Essentially, MetaSolv builds sophisticated software for the telecom industry to help with things like inventory management, service activation, and network provisioning for a myriad of services. Of course, the telecom industry went into a tailspin after the dot-com bust, and as a result, software purchases were cut back. What's more, as the telecom sector consolidated, there were fewer customers to sell software to.
According to the proxy statement, MetaSolv spent several years looking at "strategic alternatives" -- that is, it considered buying other companies, as well as selling itself. Consequently, the company hired Raymond James as its financial advisor in June 2003.
And as the stock price languished, there was interest from potential buyers. In fact, between January and April 2006, MetaSolv received two buyout offers. During this time, there was much back-and-forth negotiation, with prices ranging from $3.75 to $4.37.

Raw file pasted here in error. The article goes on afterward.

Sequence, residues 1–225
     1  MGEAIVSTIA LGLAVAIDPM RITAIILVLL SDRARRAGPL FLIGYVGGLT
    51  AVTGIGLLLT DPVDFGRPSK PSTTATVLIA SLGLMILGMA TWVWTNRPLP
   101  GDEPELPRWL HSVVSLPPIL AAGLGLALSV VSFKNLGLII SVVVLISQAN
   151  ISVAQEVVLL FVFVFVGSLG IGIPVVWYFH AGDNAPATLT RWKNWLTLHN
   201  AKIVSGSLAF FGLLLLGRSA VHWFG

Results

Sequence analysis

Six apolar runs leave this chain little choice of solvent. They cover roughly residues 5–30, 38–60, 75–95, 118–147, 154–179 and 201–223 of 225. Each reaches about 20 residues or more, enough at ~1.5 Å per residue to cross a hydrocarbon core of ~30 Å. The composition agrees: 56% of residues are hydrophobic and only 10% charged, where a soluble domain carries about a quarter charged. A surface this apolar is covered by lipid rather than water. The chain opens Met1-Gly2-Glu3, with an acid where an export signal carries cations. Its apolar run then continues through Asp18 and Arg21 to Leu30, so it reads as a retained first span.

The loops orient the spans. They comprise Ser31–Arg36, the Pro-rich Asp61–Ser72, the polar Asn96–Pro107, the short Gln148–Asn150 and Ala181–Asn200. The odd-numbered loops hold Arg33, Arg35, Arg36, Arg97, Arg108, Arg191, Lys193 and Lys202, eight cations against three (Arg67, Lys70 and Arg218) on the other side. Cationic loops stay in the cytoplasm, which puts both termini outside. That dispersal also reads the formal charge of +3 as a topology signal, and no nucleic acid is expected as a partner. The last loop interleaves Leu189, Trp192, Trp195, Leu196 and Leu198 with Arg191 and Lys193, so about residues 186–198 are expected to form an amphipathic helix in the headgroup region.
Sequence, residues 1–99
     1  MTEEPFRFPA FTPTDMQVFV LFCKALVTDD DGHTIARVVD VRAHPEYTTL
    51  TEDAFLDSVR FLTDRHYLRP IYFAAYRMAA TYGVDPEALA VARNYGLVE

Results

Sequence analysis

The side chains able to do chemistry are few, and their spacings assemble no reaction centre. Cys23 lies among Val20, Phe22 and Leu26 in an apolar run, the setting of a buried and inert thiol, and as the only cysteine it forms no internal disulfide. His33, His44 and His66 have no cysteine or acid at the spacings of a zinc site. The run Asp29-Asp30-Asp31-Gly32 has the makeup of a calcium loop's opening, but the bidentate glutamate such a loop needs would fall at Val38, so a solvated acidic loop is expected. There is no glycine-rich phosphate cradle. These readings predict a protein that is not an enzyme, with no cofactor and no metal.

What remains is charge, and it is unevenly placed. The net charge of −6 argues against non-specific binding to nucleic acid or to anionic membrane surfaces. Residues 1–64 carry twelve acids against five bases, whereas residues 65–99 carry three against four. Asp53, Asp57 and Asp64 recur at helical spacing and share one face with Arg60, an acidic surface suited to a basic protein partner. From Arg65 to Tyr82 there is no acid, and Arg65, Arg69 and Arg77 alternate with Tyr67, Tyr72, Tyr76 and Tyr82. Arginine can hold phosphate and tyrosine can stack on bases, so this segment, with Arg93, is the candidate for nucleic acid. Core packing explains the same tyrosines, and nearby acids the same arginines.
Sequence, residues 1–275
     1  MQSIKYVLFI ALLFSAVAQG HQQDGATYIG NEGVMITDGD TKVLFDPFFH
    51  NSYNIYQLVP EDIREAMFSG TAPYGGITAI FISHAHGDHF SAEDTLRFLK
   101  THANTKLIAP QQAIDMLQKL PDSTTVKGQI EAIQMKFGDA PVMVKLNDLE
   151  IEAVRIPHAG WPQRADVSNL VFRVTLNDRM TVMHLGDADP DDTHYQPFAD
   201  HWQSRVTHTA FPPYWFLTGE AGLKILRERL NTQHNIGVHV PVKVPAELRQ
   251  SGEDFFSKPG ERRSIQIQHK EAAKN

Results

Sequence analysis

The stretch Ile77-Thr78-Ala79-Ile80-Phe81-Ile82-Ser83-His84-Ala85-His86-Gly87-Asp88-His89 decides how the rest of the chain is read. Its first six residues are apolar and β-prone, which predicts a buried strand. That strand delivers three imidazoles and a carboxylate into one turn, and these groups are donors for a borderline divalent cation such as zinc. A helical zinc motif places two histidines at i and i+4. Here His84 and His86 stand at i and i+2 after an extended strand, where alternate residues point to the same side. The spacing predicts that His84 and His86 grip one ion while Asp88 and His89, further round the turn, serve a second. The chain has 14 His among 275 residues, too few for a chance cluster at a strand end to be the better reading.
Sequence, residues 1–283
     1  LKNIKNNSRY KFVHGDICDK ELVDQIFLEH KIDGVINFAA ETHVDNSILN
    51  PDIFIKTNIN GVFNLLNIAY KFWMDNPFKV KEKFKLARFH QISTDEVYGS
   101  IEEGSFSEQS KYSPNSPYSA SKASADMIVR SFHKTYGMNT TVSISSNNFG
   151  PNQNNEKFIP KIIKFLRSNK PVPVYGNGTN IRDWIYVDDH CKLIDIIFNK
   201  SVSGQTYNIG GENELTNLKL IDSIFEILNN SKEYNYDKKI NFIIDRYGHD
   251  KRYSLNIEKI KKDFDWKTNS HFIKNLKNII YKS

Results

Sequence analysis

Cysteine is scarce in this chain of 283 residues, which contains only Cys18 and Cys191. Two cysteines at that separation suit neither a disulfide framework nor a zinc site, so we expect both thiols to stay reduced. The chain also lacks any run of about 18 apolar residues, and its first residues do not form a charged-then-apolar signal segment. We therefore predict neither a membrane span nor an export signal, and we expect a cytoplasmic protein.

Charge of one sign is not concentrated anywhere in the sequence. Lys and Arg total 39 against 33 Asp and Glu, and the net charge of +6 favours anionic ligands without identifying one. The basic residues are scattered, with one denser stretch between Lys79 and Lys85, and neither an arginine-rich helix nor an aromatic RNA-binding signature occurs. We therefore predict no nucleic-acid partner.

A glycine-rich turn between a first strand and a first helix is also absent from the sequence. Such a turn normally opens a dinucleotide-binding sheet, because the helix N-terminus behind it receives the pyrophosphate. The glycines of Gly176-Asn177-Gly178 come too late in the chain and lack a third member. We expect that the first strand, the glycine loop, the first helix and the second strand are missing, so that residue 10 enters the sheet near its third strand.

So by July, MetaSolv had Raymond James contact several other potential buyers. The advisor identified five interested buyers, including Oracle, which made an initial offer of $3.75.
But there was a problem: By late September, MetaSolv realized that its third-quarter results were going to be at the low end of the guidance and disclosed this to Oracle.
Yet, Oracle was still willing and raised its bid to $4.20. However, after intensive due diligence, Oracle reduced its offer to $4.10.
Actually, the valuation of the deal was roughly two times revenues (for the past 12 months). This is a typical multiple for a software transaction, as seen with recent deals from IBM
In other words, MetaSolv knew it would be tough to grow its business in the current environment. Furthermore, the company tried to find potential buyers and negotiated hard to get the best price it could despite lagging financial results. In other words, it seems unlikely that the company will get another bid or that Oracle will increase the price tag.
Fool contributor Tom Taulli does not own shares mentioned in this article. He is currently ranked 380 out of 14,555 players in The Motley Fool's new community intelligence stock-picking service, CAPS.